artist statement


 “ The heart that breaks open can contain the whole universe.” 
- Joanna Macy


I have had a  passionate and abiding bond with nature and the plant world. I am happiest and most comfortable when living in close relationship with flora. Plant life and living processes are both the subject and the fertile exploratory terrain in my creative process.

Ceramics, printmaking and cyanotype, a photographic printing process,  are simultaneously part of my formal exploration. I mostly work in a serial manner. To make the ceramics elements,  I am using a paperclay soaking technique where I add paper fibre to liquid clay in order to dip various collected plant forms. In the firing process, the plant material and the paper fibres burn, leaving three-dimensional imprints or seemingly petrified forms. I organize these elements in in space within an installation format.

I have been studying,  cultivating and using medicinal plants as a dilettante for the wellbeing of my family. This has  led me to borrow herbalism’s savoir-faire to create tinctures, macerations, amulets, pot-pourris and sedative pillows which I also integrate in my installations.




I have also been using collagraphy, a printmaking technique for several years now. My collaboration with Jacinthe Tétrault at Atelier Circulaire was instrumental in realizing the potential of this technique while using vegetal matter. I collage plant material, akin to herbarium sheets,  to make the matrices for the prints.

More recently, I have been introduced to the cyanotype method by Lorene Williams, a Montreal photographer. I have since discovered the fascinating work of Anna Atkins (1799-1871), a British photographer, trained as a botanist, who explored the cyanotype.

I am using this old monochrome photographic method that gives a cyan-blue print. It enables me to work very spontaneously with plants collected on the spot thus introducing an exciting alternative to the long and meticulous technique of collagraphy.



Over the years, I have been developing an ecological awareness and sensitivity and a renewed interest in the interconnectedness of all things. I am driven by the realization that the true ecological Self is only possible as part of an holistic view of the world. In my life and in my art work I want to mingle my passion for flora, yoga and Buddhist philosophies which are all contributing to my journey towards the Self.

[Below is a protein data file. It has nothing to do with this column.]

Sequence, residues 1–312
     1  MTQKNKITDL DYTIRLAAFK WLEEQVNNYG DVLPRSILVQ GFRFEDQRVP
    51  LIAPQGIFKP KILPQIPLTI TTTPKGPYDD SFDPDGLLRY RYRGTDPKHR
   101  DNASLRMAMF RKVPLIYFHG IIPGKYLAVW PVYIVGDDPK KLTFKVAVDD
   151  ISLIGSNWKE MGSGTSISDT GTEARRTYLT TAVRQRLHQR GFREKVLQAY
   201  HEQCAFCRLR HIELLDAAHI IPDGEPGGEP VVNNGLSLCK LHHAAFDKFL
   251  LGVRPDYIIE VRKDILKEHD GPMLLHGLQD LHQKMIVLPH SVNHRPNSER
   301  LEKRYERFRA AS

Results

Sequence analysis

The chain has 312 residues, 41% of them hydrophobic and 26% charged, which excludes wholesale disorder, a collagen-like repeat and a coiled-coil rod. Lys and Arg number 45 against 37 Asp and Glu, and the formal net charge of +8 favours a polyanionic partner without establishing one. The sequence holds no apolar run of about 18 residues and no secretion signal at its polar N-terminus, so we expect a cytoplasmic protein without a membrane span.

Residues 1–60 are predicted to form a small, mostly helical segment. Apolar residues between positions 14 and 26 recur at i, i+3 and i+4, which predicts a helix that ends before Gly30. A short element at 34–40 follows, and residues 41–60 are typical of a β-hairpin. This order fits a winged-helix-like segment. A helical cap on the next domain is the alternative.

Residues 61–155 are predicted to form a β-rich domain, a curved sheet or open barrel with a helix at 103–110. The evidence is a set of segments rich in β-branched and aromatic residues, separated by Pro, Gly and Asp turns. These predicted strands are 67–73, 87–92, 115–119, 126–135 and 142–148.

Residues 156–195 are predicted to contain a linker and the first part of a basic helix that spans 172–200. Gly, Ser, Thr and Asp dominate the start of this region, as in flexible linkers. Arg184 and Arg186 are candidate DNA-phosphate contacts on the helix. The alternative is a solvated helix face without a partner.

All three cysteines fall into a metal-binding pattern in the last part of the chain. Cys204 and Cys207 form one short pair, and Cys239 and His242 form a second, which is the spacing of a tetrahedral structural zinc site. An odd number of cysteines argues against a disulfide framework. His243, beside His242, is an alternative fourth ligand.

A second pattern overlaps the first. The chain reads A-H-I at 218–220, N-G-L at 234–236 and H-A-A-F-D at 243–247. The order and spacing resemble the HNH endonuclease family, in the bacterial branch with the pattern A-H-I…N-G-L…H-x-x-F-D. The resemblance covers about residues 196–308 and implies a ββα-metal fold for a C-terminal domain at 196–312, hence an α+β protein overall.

Spending time with the plant world is spiritually satisfying. It contributes in bringing my inner and outer life more closely together. It has being deepening and widening my emotional and visceral experience of that interconnectedness which in turns deepens and widens my sense of Self.

When I bring the leafy “material” into my work , I see it anew. I identify with it. Plant material goes way beyond the formal level; it directly refers to life and potentially provides me with a kind of mirror to myself. I have a curiosity for both  indigenous and introduced self-propagating flora from my immediate environment and unfamiliar and exotic plants I meet during my travels.


I am equally fascinated by the physical, chemical, biological and supersensible qualities of plants. I am particularly interested in the  undisciplined self-willed existence and prolific propagation of wild plants. Wild flora epitomizes our complex and intricate relationship, not only to plant life,  but to all other life forms. I like to think that self-propagating plants have the potential to symbolize the false nature/culture dichotomy Westeners have created and nourished: the deceptive belief that nature is separated and inferior to human culture. In fact, human history and natural history, are mutually inclusive disciplines; nature and culture constantly interweave and mingle, they are not separated.


In my work, through perceptual experience developing from the awe-inspiring secret life of plants, I want to create an intuitive symbolism with an iconic resonance. I want to create images imbued with new feelings, alternative patterns of thought and creative representations of nature. I want to revive a feeling of gratitude for the gift of life, of reverence and enchantment towards the amazing diversity, ingeniosity and creativity of the plant kingdom. For me,  creating botanical images is an invitation to contemplation, rootedness and a way of reinventing images of the anima mundi.